The Emerging Pathogens Institute channels multidisciplinary programs focused on plant, human and animal pathogens, including viral discovery, vector-borne pathogens and, most recently, coronaviruses and pandemic preparedness. Publications include papers in top scientific journals, including Science, Nature and Proceedings of the National Academy of Sciences. Given the speed with which pathogens can move globally, work in the EPI has had a strong international focus, with collaborations in place with investigators in over 50 countries.
EPI investigators have been involved in research on various coronavirus species for a number of years. With the onset of the pandemic, the EPI has played a role in population-based studies of COVID-19, including studies of transmission within schools.  Other areas of research have included development of mathematical models predicting spread of the virus in Florida in successive pandemic waves,  the critical role of aerosols in transmission of the virus    and the transmission of coronaviruses of animal origin into humans.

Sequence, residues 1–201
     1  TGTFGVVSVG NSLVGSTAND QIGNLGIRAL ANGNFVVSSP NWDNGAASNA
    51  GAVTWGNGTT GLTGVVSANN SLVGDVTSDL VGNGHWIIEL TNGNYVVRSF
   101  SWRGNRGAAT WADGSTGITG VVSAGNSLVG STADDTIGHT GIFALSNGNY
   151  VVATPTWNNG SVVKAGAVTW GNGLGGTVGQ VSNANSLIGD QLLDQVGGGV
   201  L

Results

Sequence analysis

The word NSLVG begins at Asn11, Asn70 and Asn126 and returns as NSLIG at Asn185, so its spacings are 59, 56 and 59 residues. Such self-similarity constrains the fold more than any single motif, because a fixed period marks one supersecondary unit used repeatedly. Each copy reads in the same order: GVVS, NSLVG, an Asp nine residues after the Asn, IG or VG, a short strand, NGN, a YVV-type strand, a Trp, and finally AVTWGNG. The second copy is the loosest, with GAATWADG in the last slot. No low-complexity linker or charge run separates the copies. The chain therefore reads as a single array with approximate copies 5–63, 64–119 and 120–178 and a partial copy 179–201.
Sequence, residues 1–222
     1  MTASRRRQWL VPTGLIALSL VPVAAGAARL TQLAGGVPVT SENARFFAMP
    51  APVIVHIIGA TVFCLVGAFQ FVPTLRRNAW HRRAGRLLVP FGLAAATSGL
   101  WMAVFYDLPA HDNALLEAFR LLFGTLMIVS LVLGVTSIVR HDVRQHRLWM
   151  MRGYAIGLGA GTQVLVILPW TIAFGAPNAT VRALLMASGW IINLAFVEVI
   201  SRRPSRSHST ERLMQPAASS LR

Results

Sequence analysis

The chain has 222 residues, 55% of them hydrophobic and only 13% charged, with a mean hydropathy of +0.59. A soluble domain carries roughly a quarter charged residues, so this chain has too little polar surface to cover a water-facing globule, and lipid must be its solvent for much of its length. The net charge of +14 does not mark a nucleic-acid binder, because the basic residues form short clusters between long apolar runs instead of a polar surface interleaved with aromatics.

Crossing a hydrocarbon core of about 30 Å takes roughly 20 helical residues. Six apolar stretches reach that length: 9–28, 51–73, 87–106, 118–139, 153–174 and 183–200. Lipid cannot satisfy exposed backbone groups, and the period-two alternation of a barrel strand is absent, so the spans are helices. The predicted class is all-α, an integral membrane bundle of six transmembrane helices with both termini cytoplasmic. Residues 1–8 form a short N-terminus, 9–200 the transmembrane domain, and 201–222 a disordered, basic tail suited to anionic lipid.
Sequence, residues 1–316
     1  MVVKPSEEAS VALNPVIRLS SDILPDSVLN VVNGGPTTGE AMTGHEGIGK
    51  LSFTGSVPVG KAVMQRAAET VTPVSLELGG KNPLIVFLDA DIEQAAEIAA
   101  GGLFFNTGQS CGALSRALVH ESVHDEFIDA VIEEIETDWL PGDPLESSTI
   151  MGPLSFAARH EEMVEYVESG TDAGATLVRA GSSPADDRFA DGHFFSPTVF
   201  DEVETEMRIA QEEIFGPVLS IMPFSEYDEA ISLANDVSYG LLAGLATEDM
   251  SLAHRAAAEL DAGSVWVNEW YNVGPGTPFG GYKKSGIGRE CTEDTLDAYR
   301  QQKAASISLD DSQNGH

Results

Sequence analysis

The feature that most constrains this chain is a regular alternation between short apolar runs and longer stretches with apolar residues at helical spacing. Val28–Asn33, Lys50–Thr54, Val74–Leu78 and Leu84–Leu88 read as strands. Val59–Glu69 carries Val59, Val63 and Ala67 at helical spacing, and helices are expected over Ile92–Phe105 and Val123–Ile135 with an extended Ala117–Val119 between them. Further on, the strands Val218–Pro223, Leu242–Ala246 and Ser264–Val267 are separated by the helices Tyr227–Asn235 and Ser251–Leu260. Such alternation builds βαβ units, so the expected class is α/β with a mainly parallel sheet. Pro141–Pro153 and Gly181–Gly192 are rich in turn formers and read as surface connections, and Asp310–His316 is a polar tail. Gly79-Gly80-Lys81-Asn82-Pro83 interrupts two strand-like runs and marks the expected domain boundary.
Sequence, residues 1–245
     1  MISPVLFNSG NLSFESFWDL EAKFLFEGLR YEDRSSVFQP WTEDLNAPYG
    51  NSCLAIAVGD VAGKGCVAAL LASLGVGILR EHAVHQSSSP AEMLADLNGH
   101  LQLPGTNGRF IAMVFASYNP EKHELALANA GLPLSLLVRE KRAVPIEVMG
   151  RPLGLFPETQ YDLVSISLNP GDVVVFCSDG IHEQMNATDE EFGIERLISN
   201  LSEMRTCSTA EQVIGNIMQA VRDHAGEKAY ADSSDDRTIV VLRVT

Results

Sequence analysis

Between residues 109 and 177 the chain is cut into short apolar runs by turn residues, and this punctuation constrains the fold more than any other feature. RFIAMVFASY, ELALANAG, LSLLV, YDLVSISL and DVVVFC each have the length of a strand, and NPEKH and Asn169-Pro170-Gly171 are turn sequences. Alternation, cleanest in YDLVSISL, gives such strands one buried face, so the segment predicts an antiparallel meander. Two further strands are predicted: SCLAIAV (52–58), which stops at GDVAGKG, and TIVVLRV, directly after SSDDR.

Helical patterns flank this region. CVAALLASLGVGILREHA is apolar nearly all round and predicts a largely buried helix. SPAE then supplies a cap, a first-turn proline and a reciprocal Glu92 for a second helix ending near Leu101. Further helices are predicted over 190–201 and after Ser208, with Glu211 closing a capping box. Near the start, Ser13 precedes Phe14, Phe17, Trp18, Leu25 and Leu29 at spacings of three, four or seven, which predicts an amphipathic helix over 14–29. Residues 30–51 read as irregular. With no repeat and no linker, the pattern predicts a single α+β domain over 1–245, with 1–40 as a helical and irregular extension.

2007–Present J. Glenn Morris
A zoonosis or zoonotic disease is an infectious disease of humans caused by a pathogen that can jump from a non-human to a human and vice versa.
An infection is the invasion of tissues by pathogens, their multiplication, and the reaction of host tissues to the infectious agent and the toxins they produce. An infectious disease, also known as a transmissible disease or communicable disease, is an illness resulting from an infection.